A Couple Things to Get Straight About Going Gluten-Free, Thanks to Science

Dacy Knight

We've come to equate a gluten-free diet with a healthier approach to eating. Though the eating plan rose to popularity because of celiac disease, giving up gluten has become a health-minded habit popular among many without the allergy. Cutting out gluten from one's diet can help with inflammation even in non-celiac sufferers and goes hand in hand with the preoccupation with cutting carbs. However, a 26-year study published in British Medical Journal and highlighted by My Body+Soul finds that practicing a long-term gluten-free diet if you don't have celiac disease could be harming your health—namely, increasing your risk of heart disease.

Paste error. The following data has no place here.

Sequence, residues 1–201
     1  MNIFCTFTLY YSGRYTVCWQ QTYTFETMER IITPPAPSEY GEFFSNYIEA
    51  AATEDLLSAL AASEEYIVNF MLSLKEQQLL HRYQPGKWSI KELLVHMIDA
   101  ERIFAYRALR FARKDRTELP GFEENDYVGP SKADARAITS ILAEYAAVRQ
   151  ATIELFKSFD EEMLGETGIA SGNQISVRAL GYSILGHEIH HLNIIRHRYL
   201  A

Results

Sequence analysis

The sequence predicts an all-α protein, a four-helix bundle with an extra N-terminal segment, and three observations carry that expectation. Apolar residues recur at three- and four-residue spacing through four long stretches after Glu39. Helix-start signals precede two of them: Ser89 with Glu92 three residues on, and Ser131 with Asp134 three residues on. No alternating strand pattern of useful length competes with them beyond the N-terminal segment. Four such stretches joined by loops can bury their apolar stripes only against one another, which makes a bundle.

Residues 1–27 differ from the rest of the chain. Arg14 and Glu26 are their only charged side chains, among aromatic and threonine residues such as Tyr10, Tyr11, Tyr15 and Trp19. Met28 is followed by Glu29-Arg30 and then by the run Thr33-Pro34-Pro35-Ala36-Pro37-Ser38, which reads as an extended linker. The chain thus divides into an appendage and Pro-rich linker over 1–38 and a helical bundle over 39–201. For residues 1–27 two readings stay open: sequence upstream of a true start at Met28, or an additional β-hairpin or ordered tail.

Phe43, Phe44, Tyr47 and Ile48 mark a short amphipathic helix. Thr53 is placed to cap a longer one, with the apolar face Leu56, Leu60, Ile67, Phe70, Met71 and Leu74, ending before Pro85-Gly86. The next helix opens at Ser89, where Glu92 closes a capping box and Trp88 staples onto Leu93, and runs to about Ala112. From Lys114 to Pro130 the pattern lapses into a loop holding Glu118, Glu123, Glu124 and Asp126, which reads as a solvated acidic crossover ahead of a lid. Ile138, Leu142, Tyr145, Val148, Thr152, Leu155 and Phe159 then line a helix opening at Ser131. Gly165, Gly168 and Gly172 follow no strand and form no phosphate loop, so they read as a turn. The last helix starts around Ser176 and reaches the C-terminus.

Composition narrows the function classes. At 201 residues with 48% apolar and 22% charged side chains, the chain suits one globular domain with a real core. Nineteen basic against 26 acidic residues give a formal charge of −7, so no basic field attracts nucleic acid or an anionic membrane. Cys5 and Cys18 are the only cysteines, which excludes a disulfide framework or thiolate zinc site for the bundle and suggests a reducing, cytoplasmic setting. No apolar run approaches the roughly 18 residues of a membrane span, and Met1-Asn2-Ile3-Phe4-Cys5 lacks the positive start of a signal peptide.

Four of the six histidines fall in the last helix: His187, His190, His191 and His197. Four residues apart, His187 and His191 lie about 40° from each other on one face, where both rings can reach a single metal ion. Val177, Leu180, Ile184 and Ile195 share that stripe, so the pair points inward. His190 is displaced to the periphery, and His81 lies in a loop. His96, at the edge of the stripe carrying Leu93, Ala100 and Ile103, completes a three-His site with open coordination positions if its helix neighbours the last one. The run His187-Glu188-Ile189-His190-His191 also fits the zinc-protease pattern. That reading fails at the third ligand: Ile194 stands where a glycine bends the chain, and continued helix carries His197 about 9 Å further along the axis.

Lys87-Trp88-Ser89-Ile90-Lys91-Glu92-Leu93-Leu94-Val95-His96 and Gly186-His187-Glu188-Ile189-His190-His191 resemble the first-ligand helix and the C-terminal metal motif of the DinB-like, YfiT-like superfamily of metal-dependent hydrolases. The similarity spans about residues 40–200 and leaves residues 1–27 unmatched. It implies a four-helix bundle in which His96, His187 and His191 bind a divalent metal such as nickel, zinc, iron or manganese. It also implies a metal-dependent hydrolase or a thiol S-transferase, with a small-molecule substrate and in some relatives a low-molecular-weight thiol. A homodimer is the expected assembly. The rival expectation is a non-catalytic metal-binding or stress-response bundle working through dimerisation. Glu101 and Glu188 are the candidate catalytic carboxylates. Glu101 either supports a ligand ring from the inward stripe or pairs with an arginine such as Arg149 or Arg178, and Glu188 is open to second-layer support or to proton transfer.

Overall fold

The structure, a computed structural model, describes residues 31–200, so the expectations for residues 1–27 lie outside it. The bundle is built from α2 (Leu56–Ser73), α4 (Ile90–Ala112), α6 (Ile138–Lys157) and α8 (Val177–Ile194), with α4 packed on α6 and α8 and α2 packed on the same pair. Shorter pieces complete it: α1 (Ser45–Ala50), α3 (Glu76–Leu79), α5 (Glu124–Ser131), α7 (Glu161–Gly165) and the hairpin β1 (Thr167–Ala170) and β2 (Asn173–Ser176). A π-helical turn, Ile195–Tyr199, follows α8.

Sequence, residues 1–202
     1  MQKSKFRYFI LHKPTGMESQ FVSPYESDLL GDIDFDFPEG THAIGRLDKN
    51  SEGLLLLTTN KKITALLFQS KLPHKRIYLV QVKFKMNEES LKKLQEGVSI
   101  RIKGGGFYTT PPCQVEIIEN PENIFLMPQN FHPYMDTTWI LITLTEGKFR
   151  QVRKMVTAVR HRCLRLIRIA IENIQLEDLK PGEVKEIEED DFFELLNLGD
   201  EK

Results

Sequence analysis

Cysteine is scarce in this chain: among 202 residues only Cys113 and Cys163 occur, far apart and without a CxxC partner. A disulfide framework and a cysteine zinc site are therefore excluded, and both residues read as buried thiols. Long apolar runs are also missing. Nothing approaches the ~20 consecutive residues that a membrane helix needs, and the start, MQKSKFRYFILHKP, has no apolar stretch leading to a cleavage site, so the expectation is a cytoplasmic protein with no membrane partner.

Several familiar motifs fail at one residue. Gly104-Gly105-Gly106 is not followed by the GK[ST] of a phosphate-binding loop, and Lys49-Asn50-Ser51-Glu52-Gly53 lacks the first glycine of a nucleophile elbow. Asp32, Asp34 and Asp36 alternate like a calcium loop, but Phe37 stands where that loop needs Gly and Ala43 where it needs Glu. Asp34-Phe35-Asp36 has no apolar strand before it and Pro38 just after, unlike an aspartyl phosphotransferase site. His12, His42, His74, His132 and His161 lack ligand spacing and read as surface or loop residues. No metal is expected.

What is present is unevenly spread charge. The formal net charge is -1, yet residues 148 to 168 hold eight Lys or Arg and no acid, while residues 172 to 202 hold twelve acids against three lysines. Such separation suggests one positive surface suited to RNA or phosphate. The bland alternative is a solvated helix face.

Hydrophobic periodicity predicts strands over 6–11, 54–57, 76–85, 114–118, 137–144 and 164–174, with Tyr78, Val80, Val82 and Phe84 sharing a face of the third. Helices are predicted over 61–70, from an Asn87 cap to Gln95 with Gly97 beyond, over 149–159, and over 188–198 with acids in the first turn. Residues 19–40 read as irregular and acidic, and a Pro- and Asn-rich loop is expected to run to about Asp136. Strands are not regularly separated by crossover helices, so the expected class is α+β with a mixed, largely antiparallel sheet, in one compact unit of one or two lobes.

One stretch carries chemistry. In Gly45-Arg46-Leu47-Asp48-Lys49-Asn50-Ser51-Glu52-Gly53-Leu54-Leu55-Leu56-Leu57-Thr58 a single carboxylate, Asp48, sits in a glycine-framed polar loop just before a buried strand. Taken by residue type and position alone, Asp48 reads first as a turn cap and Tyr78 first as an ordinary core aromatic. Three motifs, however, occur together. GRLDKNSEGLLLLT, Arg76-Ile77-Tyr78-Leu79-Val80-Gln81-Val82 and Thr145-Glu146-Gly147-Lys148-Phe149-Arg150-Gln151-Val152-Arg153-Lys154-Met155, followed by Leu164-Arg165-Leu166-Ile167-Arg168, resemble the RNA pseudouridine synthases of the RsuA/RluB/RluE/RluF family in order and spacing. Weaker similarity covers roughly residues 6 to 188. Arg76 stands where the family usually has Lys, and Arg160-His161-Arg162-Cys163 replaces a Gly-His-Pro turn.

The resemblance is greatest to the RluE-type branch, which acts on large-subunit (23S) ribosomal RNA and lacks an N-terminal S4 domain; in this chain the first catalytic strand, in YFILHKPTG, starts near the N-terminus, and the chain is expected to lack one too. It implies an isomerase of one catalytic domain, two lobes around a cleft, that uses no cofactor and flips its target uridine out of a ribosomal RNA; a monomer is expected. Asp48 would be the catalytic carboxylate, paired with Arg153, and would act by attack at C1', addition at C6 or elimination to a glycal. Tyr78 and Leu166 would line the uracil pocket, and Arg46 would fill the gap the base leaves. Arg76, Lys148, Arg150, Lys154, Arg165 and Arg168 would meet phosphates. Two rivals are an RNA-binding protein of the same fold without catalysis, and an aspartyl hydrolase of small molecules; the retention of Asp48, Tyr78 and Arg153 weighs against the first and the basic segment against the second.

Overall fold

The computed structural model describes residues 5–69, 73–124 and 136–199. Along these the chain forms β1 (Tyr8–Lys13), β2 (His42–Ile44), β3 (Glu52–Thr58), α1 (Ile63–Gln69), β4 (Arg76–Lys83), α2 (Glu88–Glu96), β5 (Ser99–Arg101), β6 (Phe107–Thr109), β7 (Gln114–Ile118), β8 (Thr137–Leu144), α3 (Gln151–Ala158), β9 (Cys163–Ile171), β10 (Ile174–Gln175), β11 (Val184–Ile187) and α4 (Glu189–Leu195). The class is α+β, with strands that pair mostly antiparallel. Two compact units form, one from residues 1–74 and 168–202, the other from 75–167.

Scientists from Harvard Medical School and Columbia University analyzed data from more than 110,000 male and female health professionals in the U.S. who had no history of coronary heart disease. What they found was that long-term gluten consumption was not associated with risk of coronary heart disease—the number one killer of women. On the contrary, the avoidance of gluten by those without celiac disease could result in a reduced intake of beneficial whole grains, which may increase the risk of adverse cardiovascular outcomes. "Whole grain intake has been found to be inversely associated with coronary heart disease risk and cardiovascular mortality," the researchers write.

The takeaway? Unless you have celiac disease, completely cutting gluten isn't necessarily a healthy strategy. According to the study's scientists, "The promotion of gluten-free diets among people without celiac disease should not be encouraged."

Next up, discover three common health mistakes you probably don't know you're making.

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